I had better luck with another movie I watched on my vacation, "Flightplan". Nothing in it posed facial recognition difficulties. I think the key was that it had only one person per gender per age category per hair color, if you know what I mean. :-) The two main male actors (the air marshal and the pilot) differed in age by about 2 decades, so I didn't have trouble telling them apart; same for the female characters -- Jodie Foster and two flight attendants. The flight attendants were both young, but somehow it's much easier for me to distinguish between female faces than male, so telling the two apart didn't present a problem. Another advantage of "Flightplan" was good lighting: well-lit faces carry more visual information.
"Flightplan" is a thriller that takes place entirely on a plane. It's an ultimate anti-in-flight movie. Best not to watch it within a week before flying. :-)
I found it more original than most thrillers I watched (which is not very many). It was hard to predict who the bad guys were or what they wanted, or how they were going to achieve it. My only beef with it is that it had a point-of-view problem. Actually, I'm not sure if point-of-view analysis applies to movies as much as to books. In written fiction, it is necessary for the author to stick with selected point of view, i.e. to show the story happening through the eyes of a chosen character. There can be one or more of them, but the author has to be consistent about who's telling the story. I'm not sure how much this applies to movies in general, but "Flightplan" is told very clearly from the perspective of Jodie Foster's character. Throughout the movie we know only as much as she knows. Then towards the end we are briefly shown who the bad guys are and what is really happening. This detracted from my enjoyment. It's as if the authors thought the've confused the audience so much, the viewers won't figure it out for themselves, and need to be shown all the cards.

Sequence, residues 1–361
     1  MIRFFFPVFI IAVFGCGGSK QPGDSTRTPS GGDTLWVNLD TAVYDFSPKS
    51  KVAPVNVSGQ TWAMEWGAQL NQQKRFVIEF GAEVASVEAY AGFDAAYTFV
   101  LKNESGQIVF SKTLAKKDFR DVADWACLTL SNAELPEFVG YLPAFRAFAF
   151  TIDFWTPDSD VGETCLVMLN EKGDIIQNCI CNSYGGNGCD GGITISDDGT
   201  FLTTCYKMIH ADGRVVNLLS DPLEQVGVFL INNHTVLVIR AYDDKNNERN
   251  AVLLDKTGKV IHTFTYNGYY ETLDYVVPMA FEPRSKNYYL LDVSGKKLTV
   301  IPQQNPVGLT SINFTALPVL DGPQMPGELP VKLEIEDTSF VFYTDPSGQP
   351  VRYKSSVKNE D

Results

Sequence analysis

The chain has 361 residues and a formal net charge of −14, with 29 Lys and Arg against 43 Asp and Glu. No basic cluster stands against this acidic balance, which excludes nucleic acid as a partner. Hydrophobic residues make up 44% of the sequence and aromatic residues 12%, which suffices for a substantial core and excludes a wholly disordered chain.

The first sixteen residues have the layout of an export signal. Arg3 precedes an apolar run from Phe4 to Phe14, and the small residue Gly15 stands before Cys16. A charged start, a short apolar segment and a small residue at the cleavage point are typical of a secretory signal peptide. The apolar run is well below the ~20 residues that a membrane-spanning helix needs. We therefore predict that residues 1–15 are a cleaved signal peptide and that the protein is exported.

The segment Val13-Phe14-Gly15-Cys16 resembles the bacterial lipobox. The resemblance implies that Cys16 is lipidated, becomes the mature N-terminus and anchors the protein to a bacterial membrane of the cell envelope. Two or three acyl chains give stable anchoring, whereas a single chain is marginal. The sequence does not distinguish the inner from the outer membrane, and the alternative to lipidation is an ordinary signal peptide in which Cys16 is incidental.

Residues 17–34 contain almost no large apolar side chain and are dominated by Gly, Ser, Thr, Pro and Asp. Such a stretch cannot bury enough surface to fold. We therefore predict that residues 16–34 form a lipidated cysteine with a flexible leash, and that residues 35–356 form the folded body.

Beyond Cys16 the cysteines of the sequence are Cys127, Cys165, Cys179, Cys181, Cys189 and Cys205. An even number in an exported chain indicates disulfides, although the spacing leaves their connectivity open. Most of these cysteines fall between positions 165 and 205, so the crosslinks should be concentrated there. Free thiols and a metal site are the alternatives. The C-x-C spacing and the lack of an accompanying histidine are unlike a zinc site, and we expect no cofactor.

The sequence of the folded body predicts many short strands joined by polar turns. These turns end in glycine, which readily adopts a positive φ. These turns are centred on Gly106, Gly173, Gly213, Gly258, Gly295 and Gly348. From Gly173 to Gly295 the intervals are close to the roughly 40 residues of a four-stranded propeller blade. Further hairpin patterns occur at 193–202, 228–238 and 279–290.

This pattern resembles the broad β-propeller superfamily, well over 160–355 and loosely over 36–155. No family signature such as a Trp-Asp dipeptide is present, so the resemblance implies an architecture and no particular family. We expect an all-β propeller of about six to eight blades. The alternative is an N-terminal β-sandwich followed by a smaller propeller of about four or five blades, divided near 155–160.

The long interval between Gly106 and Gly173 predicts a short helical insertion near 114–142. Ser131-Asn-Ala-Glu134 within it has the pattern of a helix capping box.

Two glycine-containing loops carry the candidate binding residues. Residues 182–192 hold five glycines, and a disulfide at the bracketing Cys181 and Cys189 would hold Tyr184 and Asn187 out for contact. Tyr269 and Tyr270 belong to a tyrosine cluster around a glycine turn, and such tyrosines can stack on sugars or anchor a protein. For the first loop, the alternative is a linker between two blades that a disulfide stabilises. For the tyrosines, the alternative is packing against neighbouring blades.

I think if you are showing both sides' POVs, you have to do it from the beginning. Then it would be a different kind of movie -- it would be about a cat-and-mouse play between the two parties. I actually prefer "Flightplan" the way it is now, a story of a woman who upsets all the norms of socially acceptable behavior, and stands up to people who tell her she's crazy, as she searches for her missing daughter. Not to mention she pulls off very scary stunts as she crawls up into an airplane's avionics section and rampages through it, scaring the s**t out of the airplane's passengers. All in all, a good piece of escapism.
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